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Lions Roar : March 2006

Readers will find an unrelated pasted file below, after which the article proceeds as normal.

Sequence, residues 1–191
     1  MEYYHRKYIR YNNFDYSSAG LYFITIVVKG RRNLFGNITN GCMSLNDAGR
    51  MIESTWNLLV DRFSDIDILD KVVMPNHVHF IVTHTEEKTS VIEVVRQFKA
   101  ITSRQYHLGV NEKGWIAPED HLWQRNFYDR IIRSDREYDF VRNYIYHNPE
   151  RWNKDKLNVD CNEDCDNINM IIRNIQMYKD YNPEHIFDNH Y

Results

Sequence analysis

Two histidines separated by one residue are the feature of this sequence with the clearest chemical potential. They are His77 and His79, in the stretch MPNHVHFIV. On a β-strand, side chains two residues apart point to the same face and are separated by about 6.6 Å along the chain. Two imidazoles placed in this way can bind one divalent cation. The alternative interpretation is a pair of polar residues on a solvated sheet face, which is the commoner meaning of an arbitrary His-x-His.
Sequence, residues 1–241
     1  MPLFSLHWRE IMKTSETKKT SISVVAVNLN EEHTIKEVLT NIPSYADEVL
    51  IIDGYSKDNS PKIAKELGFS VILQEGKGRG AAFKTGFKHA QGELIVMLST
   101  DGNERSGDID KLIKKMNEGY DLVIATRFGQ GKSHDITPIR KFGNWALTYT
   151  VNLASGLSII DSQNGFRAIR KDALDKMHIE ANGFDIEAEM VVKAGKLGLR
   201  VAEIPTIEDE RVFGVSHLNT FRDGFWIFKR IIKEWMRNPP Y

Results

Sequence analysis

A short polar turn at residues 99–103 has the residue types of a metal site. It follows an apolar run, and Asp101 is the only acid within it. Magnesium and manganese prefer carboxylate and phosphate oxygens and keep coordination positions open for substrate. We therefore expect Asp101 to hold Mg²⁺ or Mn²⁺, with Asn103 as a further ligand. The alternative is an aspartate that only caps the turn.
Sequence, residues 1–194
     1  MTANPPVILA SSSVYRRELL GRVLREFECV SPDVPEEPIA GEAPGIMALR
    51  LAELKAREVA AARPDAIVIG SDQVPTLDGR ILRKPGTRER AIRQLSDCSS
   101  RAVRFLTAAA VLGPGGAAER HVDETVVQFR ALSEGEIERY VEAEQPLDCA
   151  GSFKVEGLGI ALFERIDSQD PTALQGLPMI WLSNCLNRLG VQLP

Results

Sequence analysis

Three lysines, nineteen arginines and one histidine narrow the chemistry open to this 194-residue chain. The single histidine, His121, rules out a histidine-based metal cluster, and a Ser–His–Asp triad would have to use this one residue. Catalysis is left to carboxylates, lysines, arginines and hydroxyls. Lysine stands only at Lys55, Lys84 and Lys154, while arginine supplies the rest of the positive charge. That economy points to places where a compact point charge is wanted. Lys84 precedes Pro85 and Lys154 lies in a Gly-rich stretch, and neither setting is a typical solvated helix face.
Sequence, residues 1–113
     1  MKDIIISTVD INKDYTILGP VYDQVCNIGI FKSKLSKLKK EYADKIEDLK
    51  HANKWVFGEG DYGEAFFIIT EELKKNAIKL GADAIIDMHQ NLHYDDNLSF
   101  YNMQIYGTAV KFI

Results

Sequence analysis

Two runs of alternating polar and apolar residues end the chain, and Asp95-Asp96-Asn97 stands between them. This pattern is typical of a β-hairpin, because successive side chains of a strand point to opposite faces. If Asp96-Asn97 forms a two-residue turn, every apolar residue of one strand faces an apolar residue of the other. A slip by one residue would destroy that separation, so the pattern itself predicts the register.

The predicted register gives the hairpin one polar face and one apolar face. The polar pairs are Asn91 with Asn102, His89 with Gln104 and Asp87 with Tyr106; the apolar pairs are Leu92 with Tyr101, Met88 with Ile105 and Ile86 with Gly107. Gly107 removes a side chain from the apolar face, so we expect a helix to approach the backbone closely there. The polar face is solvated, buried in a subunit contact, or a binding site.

Taking a Shower and Getting Dressed Chögyam Trungpa Rinpoche on shamatha and vipashyana meditation OUR STATE OF MIND is like a wild horse. It contains memories of the past, dreams of the future, and the fickle- ness of the present. We find that to be a problematic situa- tion, and so we practice what is known as meditation. The word meditation has various meanings, as it is re- ferred to in different traditions. According to the Oxford Dictionary, meditation means that you meditate on some- thing. For example, when you are in love, you meditate on your lover. Your lover is so beautiful. He or she is extraor- dinary in lovemaking-moves beautifully, kisses beautifully, and quite possibly smells fantastic! Meditating on those kinds of perceptions just means that you are dwelling on something, occupying yourself with something. In the fundamental sense, Buddhist meditation does not involve meditating on anything. You simply arouse your sense of wakefulness and hold an excellent posture. You hold up your head and shoulders and sit cross-legged. Then very simply, you relate to the basic notion of body, speech, and mind, and you focus your awareness in some way, usually using the breath. You are breathing out and in, and you just experience that breathing very naturally. Your breath is not considered either holy or evil; it is just breath. When thoughts arise, you just look at them and you no- tice "thought." It's not "good thought" or "bad thought." Whether you have a thought of wisdom or a thought of evil, you just look at it and say, "thought." And then you come back to the breath. By doing that you begin to develop the notion of putting the saddle on the horse. Your mind begins to be trained. It becomes less crazy, less drowsy, and more workable at that point. This particular practice of meditation is known as sha- matha, which literally means "dwelling in peace." In this case, peace is not a euphoric or blissful state but simply a basic and down-to-earth situation that results from cutting out hassle and turmoil. We aren't trying to achieve any goal or attain any particular state of being, in either the religious or the secular sense. When we practice in this way, we find that the thoughts that perpetuate neurosis melt or evaporate. Ordinarily we don't pay any attention to our thoughts. We unknowingly cultivate them by acting according to whatever they command. But when we sit down quietly and look at them, without judgment or goal-just look at them-they dissolve by themselves. In shamatha meditation, one's attention span is naturally extended and one's open-mindedness is developed. You be- come more steady and also more cheerful-free from turmoil. That is why it is called "shamatha;' dwelling in peace. So that is the first stage in learning: learning how to learn. That is the first step. First you cut through the basic notion of ego, of holding on to neurosis. Beyond that, there is what is known as vipashyana, which literally means "insight." In this case, insight is seeing things as they are-not adding passion or aggression to them. Now we are beginning to step outside the meditation compound and examine how we re- late to our world. The world that we live in is fabulous. It is utterly workable. We see motorcars going by in the street, buildings standing as they are, trees growing, flowers blooming, rain and snow falling, water flowing, and wind clearing the air. The world we live in is all right, to say the least. We can't complain at all. We should begin to learn how to appreciate this world, this planet on which we live. We should realize that there is no passion, aggression, or ignorance existing in what we see. We begin by developing mindfulness of our steps, as we walk. Then we begin to experience the sacredness of brush - ing our hair and putting on our clothes. Activities such as shopping, answering the telephone, typing, working in a factory, studying in school, dealing with our par- ents or our children, going to a funeral, checking ourselves in at the maternity department of the hospital-whatever we do is sacred. The way we develop that attitude is by seeing things as they are, by paying attention to the energy of the situation, and by not expecting further entertainment from our world. It is a matter of simply being, being natural, and always being mind- ful of everything that takes place in our day-to-day life. This develops naturally from shamatha meditation. Sit- ting meditation is like taking a shower. Vipashyana, or awareness practice, is like drying your body with a towel and then putting on your clothes. So there are two aspects to our journey, to our learning process: there is learning by sitting meditation and learning by life experiences. And there is no problem in joining these two together. It is like having a pair of eyes and then putting on glasses. It is the same thing. . From "Taming the Mind, Riding the Horse" by Chögyam Trungpa, in The Collected Works of Chögyam Trungpa, Volume 2, published by Shambhala Publications. @ 2003 Diana J. Mukpo.